Essential questions to ask at your 20-week appointment.

No matter how much you prepare for your 20-week appointment, you will probably forget the questions you wanted to ask. These are some of the most important ones to keep on your mind.

By Angela Chavez

Pregnancy

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Physician talking with pregnant patient at 20-week appointment.

The 20-week appointment is one of the most critical and exciting appointments on your pregnancy schedule. You’ll undoubtedly be thinking of all of the answers you need long before this appointment, and there will be a lot of them! But a funny thing happens when most pregnant women walk into the doctor’s office – they forget everything they wanted to know!

There are so many things to learn about pregnancy in a short time. It’s a great idea to make a list of questions for your doctor so that you don’t forget or become too nervous to ask. With a list in hand or a note on your phone, you can be clear and concise at your appointment. Your OB-GYN will be able to answer your questions more accurately and cohesively. Here are some essential questions to consider asking during your 20-week check-up.

How can I exercise safely?

Just like everyone else, pregnant women should stay active to remain healthy. It is an excellent idea to ask your doctor for safe exercises that you can perform at home. Most likely, they will recommend that you avoid strenuous or extreme activities like boxing or scuba diving.

They may point you towards safer alternatives such as pilates, yoga, swimming, and light cardio.

Can I Still Travel?

If you and your family plan to travel somewhere far, it is a good idea to consult your doctor about the trip. The second trimester is typically the safest time to travel. However, there are exceptional cases where travel may not be the best option. Talk to your doctor about where you’re planning on traveling and how long you’ll be there.

How Much Coffee Can I Drink?

It is generally safe to drink one or two cups of coffee per day throughout your pregnancy, depending on your condition. However, the overall intake of a pregnant woman should only be up to 200 mg per day.

Talk with your doctor about your caffeine intake and ask about other foods that may be caffeinated, like chocolate and soda. They may be able to suggest caffeine-free alternatives.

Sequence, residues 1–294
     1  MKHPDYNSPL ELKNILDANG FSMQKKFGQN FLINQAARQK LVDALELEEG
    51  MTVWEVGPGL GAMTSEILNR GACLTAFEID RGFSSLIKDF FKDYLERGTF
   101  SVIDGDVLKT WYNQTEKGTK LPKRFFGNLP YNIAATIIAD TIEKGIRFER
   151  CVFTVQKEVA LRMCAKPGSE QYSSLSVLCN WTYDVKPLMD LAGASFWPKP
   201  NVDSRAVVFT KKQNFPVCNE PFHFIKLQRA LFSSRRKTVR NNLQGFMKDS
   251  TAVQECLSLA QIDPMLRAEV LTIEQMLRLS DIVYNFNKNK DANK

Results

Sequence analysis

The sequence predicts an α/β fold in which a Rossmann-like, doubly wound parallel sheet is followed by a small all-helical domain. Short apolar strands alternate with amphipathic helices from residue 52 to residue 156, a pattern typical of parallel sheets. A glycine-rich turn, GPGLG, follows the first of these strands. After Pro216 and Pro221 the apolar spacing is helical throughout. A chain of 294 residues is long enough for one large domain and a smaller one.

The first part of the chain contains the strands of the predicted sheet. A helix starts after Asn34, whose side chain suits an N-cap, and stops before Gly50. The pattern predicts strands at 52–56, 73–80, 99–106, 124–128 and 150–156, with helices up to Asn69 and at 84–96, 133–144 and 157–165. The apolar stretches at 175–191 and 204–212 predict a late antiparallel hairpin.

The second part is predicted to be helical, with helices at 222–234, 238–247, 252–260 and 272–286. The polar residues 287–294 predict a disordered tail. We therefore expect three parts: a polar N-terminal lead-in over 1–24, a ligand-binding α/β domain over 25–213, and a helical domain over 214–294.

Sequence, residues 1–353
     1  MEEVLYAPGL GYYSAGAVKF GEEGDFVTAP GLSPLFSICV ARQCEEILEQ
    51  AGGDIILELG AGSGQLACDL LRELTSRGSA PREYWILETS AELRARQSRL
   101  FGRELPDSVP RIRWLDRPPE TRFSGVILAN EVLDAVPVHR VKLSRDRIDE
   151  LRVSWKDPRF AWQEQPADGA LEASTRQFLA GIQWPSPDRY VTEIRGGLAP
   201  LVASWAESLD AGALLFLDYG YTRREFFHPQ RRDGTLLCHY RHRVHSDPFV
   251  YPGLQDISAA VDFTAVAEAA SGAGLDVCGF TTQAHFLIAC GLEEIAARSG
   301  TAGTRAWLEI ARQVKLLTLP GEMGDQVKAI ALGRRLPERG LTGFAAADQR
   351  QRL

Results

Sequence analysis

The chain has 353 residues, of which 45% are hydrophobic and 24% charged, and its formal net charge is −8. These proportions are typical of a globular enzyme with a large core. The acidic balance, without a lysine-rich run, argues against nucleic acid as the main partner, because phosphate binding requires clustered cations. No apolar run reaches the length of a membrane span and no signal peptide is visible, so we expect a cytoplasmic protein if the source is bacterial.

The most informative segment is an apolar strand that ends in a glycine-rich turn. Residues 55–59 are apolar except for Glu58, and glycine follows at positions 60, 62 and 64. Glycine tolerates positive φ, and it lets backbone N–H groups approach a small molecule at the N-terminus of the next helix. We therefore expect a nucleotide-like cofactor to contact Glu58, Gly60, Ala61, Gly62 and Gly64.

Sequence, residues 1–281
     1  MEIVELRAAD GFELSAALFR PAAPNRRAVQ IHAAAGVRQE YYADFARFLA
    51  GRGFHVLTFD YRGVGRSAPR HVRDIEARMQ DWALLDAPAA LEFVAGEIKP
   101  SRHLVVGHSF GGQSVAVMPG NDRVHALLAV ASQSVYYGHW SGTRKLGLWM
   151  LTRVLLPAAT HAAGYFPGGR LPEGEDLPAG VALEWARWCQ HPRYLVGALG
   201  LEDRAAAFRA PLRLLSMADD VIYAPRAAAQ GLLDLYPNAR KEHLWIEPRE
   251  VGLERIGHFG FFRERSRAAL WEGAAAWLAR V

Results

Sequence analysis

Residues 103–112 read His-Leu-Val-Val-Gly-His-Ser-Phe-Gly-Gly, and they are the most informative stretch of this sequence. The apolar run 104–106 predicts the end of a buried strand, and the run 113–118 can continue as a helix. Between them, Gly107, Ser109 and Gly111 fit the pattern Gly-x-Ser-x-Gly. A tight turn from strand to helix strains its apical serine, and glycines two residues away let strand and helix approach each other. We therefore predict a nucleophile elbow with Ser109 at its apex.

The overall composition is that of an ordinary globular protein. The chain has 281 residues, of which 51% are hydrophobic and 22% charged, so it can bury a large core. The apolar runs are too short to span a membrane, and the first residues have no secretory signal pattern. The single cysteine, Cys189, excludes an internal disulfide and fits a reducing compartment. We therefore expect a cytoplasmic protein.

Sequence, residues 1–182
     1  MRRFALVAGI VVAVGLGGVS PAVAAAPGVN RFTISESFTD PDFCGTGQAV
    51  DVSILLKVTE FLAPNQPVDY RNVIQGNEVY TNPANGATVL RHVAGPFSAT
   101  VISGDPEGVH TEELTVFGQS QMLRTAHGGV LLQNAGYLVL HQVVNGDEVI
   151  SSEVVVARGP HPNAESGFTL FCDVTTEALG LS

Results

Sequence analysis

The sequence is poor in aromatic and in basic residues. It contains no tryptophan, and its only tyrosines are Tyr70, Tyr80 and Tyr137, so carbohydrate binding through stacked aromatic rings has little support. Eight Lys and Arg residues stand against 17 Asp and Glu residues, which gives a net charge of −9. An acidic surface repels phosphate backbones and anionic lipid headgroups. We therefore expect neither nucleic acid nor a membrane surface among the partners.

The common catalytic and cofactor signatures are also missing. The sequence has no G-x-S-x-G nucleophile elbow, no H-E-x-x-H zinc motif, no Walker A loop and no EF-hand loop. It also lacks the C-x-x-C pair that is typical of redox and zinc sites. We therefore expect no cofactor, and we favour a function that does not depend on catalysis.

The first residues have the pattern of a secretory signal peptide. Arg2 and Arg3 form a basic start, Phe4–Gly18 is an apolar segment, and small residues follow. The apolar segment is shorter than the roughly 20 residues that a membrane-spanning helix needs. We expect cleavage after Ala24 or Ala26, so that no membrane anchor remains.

Is it okay to have sex?

The most commonly Googled pregnancy-related question is whether or not it is safe to have sex while pregnant. Answers on the internet vary, which can be confusing and misleading. The safest option is to consult your doctor or OB-GYN to get a definite answer and advice for your specific situation. Generally, it is safe to have sex during the first two trimesters. However, this is still a case-by-case situation, and it is wise to consult a medical professional.

What Are My Food Restrictions?

There are many old wives’ tales, myths, and rumors surrounding what pregnant women can and cannot eat. Unfortunately, there is a lot of misinformation online, so the most trustworthy source of information is your personal OB-GYN. They know your situation, allergies, and food intolerances and can give you personalized dietary advice.

Should I Feel Movement All of the Time?

Babies, just like people, rest and relax at different times throughout the day and night. If you’re worried about how often you feel your baby kick or move, consult your OB-GYN. Many pregnant mothers count their baby’s kicks and movements for peace of mind. However, some babies are less active than others, so consulting your doctor will give you peace of mind about your baby’s health and activity.

When Is My Projected Delivery Date?

Knowing your projected delivery date will help you prepare better for birth. You may already know it, but ask your OB-GYN for a projected due date if you don’t. Knowing when your baby will most likely arrive will help you plan and map out a timeline of things to do before going into labor.

It is also helpful to ask your doctor about delivery preparation and birthing classes. You can also ask them about post-birth needs.

You got this, mama!

Now that you have a better idea of commonly asked questions for the second trimester, you’ll be better prepared for your appointment. So add more to your own list, and don’t be afraid to open up to your OB-GYN. Even though some questions may feel naive or awkward, it’s better to ask for the sake of your and your baby’s health.

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